Participatory Monitoring of the Brazilian Three-Banded Armadillo in Northeast Brazil

Rodolfo Assis Magalhães

The Brazilian three-banded armadillo (Tolypeutes tricinctus) is a threatened species that occurs only in Brazil. It has the remarkable ability to roll up its body into a ball as a defence mechanism against predators, using its hard carapace. Despite being threatened, little is still known about its biology to provide its effective conservation, and little conservation attention has been given to this species so far. Consequently, the Brazilian three-banded armadillo is considered a priority armadillo species for research and conservation efforts.

In 2017, a new population of the Brazilian three-banded armadillo was discovered in the Sumidouro community, located in an unprotected biodiversity priority area in the Caatinga dry forests of northeast Brazil. Previous work in this community showed that the species is common in the region, despite being generally classified as a rare species throughout its distribution. In addition, it was identified as a locally popular species with high potential to be used as a conservation flagship.

Brazilian three-banded armadillo. © Rodolfo Magalhaes.

Brazilian three-banded armadillo. © Rodolfo Magalhaes.

Meeting the objectives of the Brazilian national action plan for the conservation of the giant anteater, giant armadillo, and Brazilian three-banded armadillo (PAN-TATA), this project aims to establish the first participatory monitoring of the Brazilian three-banded armadillo. The monitoring will count with the participation of residents from local communities to assess population status and trends and the effects of environmental and human-induced factors on its population dynamics using camera traps. To this end, residents of local communities will be trained in how to operate camera traps and data collection. In addition, residents will participate as volunteers in the conduction of environmental education and outreach activities in local schools after receiving appropriate training. Therefore, the project will improve knowledge on the ecology of the Brazilian three-banded armadillo, which is fundamental to reassess its conservation status and plan effective conservation interventions and provide capacity building and empowerment for residents of local communities and raise their awareness of the importance of biodiversity conservation.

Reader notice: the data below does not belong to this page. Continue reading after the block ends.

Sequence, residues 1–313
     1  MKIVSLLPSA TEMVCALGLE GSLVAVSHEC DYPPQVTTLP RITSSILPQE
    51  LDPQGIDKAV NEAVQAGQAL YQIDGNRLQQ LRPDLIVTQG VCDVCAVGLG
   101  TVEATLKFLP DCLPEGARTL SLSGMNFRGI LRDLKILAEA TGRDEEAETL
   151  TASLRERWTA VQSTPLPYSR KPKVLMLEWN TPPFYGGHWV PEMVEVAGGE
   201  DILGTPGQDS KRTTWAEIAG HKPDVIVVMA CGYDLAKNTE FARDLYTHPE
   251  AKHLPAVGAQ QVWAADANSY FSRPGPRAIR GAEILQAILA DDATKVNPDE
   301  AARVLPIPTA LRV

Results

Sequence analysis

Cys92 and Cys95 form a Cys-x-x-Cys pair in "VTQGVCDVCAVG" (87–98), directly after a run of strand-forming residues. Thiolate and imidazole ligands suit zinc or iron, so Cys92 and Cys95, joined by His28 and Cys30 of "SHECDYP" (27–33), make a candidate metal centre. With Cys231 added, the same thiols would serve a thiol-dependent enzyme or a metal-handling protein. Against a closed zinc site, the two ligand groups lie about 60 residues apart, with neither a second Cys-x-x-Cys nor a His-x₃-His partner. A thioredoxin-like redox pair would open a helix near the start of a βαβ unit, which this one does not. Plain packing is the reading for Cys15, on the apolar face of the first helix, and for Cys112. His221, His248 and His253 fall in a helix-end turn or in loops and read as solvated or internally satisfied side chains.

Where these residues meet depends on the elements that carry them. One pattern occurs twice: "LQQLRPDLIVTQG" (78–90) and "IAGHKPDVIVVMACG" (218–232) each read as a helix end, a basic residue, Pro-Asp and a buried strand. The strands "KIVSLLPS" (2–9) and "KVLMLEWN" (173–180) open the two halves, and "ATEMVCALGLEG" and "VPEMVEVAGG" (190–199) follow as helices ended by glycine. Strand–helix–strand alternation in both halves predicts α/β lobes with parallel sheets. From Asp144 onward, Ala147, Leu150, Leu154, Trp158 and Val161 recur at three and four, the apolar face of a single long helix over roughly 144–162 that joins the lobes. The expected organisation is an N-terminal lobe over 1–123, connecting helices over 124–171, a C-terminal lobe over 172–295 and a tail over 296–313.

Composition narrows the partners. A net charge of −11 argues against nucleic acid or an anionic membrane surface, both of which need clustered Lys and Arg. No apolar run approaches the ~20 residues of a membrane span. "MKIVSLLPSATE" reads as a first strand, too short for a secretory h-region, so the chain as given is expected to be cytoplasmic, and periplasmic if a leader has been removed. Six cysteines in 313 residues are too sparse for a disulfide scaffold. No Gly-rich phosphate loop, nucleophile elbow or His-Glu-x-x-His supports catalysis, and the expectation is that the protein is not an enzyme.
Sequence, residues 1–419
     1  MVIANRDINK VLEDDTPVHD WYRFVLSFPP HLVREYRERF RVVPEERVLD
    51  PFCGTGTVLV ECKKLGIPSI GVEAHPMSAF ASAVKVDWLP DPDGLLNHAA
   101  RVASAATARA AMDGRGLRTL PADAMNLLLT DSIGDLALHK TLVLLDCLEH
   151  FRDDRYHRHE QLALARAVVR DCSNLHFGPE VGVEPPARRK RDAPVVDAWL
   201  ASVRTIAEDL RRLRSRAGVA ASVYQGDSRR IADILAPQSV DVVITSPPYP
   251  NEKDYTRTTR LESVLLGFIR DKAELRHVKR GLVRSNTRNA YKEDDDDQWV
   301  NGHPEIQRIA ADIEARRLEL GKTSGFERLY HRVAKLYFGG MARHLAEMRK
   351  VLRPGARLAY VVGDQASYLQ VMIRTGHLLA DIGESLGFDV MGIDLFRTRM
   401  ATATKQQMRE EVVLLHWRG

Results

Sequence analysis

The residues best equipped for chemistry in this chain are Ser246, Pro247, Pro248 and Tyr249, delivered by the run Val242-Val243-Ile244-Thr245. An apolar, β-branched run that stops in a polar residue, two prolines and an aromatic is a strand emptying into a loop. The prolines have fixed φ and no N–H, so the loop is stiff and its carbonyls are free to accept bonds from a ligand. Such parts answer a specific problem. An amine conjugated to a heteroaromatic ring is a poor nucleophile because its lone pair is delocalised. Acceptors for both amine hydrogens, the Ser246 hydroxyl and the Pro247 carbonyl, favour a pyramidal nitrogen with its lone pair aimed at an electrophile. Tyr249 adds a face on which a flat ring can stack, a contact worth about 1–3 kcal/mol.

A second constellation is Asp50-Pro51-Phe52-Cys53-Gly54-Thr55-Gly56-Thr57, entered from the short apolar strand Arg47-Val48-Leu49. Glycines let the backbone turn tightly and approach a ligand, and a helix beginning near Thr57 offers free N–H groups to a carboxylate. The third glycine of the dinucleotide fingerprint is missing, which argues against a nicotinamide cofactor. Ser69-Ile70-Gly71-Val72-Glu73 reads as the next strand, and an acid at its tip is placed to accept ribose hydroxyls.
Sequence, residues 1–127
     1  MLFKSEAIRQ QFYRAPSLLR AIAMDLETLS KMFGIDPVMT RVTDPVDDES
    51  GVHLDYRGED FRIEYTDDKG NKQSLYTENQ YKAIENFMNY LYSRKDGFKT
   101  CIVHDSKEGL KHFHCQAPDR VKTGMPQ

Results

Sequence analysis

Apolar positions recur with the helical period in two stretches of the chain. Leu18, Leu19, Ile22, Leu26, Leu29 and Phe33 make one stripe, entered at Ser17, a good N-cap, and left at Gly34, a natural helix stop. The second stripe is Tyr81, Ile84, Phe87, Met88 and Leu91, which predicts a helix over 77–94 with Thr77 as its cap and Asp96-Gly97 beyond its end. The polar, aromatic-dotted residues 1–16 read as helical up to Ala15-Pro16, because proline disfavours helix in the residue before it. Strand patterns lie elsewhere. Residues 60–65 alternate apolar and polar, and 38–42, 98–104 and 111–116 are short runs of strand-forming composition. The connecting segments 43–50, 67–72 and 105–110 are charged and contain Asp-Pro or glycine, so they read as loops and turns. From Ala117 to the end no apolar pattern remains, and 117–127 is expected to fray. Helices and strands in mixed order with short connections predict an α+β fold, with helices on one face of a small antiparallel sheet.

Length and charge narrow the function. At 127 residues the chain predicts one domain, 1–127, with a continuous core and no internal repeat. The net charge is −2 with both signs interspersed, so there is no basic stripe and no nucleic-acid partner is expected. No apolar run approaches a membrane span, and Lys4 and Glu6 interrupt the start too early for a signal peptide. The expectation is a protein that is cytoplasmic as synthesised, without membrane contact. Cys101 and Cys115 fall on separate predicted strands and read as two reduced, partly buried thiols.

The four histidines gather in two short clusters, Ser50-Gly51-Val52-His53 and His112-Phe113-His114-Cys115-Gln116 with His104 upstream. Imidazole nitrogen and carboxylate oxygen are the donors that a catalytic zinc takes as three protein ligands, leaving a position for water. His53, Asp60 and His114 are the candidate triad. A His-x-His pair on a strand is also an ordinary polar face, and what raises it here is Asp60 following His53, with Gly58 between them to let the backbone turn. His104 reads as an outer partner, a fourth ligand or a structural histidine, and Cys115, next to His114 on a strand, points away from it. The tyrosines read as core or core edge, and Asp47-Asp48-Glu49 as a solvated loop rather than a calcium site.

The information generated and impact of the conservation interventions conducted will also benefit other threatened species that occur in the region, such as the giant anteater and the northern tiger cat. Data on their populations will also be generated and sent to their respective national action plans, and the environmental activities will also address those threatened species. Thus, we expect that the Brazilian three-banded armadillo will prove to be an effective conservation flagship.

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